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Pining for tradition with a Christmas tree

  • Author:Linki
  • Source:https://www.chinadaily.com.cn
  • Release on :2019-12-18
Pining for tradition with a Christmas tree


Long before the advent of Christianity, the evergreen was the symbol of everlasting life in numerous ancient cultures. Due to its strength, the Vikings thought it was the tree of the god of light, Balder. The early Romans and the Celtic Druids decorated their temples with fir tree boughs. In northern Europe, pagans used evergreen branches to decorate their homes and doors during the winter solstice as a reminder of the spring to come. Surrounded by an aura of mystery and magic, evergreens were also used to keep away witches and ghosts until the Middle Ages – but these pagan customs weren't appreciated by the clergy.

So how did the tree become a symbol of Christianity? There are many different theories, but most agree that the tradition has its roots in Germany. One legend says that Martin Luther, the 16th-century German Protestant reformer, was the first to bring a Christmas tree into a house.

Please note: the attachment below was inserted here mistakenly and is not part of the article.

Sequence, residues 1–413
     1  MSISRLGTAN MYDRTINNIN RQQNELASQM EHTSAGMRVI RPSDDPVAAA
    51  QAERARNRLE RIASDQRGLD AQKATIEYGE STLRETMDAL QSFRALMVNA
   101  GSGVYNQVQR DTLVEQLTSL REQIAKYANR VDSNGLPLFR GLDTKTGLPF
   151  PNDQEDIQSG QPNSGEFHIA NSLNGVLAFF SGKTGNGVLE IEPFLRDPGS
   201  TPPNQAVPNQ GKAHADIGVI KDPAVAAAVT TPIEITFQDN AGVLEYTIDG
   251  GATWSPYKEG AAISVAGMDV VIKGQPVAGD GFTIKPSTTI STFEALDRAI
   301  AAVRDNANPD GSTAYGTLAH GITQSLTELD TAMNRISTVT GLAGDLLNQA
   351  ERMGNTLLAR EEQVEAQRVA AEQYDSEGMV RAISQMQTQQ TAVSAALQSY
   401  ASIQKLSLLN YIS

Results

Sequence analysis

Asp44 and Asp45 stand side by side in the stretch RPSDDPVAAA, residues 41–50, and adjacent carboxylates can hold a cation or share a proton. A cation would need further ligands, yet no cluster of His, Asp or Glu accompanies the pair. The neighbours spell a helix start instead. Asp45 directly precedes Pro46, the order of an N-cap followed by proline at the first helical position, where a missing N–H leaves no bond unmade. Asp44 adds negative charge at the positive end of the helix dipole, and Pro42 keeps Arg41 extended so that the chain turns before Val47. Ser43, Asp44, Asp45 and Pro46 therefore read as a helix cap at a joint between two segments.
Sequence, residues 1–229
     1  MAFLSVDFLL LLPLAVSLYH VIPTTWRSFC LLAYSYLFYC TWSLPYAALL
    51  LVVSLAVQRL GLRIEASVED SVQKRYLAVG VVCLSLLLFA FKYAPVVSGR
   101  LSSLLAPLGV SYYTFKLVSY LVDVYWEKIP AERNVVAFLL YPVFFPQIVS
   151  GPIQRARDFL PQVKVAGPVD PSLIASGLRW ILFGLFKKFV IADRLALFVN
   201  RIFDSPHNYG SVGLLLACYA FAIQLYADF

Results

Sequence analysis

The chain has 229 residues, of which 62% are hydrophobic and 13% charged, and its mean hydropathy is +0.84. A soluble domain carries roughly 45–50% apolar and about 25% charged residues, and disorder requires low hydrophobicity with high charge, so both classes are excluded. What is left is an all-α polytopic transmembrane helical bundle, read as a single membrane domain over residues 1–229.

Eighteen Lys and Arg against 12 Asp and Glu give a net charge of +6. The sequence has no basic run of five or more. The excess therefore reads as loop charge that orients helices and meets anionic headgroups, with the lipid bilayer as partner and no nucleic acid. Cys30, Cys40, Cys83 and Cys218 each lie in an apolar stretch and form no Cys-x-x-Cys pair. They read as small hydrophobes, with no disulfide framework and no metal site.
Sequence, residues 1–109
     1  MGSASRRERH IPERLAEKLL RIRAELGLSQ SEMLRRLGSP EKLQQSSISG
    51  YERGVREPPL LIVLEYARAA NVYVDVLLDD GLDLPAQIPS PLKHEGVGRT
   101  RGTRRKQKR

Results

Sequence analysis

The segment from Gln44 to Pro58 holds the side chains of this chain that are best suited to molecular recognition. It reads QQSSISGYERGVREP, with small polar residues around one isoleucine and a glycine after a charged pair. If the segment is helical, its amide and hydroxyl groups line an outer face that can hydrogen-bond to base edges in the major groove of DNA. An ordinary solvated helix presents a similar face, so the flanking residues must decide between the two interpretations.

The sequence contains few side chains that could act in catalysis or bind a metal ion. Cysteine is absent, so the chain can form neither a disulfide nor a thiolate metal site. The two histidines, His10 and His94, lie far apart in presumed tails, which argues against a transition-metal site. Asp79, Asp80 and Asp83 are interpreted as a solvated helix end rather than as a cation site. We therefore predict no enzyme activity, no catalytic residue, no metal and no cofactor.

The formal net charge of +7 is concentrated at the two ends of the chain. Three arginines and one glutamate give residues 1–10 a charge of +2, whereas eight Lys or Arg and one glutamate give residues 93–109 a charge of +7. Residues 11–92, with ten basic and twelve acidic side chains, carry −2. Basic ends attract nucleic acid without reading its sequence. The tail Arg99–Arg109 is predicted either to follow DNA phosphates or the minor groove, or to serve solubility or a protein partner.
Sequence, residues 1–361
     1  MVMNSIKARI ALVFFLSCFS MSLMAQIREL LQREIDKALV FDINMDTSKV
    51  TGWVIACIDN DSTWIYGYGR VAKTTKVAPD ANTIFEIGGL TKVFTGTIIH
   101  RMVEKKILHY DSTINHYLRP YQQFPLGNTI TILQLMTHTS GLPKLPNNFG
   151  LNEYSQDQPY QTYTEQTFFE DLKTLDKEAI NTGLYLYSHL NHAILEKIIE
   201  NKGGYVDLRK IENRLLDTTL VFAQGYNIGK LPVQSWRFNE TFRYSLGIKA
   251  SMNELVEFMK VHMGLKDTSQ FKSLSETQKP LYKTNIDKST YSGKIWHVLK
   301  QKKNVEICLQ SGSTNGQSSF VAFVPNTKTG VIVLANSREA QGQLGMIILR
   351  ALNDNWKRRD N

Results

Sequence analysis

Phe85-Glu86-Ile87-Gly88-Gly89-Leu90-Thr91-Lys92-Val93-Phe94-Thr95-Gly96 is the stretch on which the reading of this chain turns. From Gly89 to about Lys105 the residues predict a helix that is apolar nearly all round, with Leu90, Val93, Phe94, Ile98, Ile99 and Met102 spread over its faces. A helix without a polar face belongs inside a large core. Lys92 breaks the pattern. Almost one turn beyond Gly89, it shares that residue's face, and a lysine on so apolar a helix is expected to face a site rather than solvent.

As the story goes, walking home on a cold winter night, Luther was amazed by the beauty of the stars twinkling among the evergreens. He decided to share this enchanting setting with his family and brought a small tree into his home, then put some candles on the branches to symbolise the stars.

Initially a Germanic tradition, the Christmas tree became popular in Britain centuries later when Prince Albert (who was German) introduced a gigantic Christmas tree at Windsor Castle. He, Queen Victoria and their children were sketched standing around it. Published in The Illustrated London News in 1848, this drawing widely contributed to the fad of Christmas trees in Britain and, in syndication two years later, among the fashionable set on America's East Coast. Thus was born the modern Christmas tree, trimmed with its flamboyant ornaments and surrounded by gifts.

Today, Christmas trees are all around the world, whether as a symbol of Christianity or not. But merry as it is, this tradition has its environmental consequences, especially when it comes to the artificial tree industry. Here are a few alternatives so you can create your own clever, stylish and sustainable tree.

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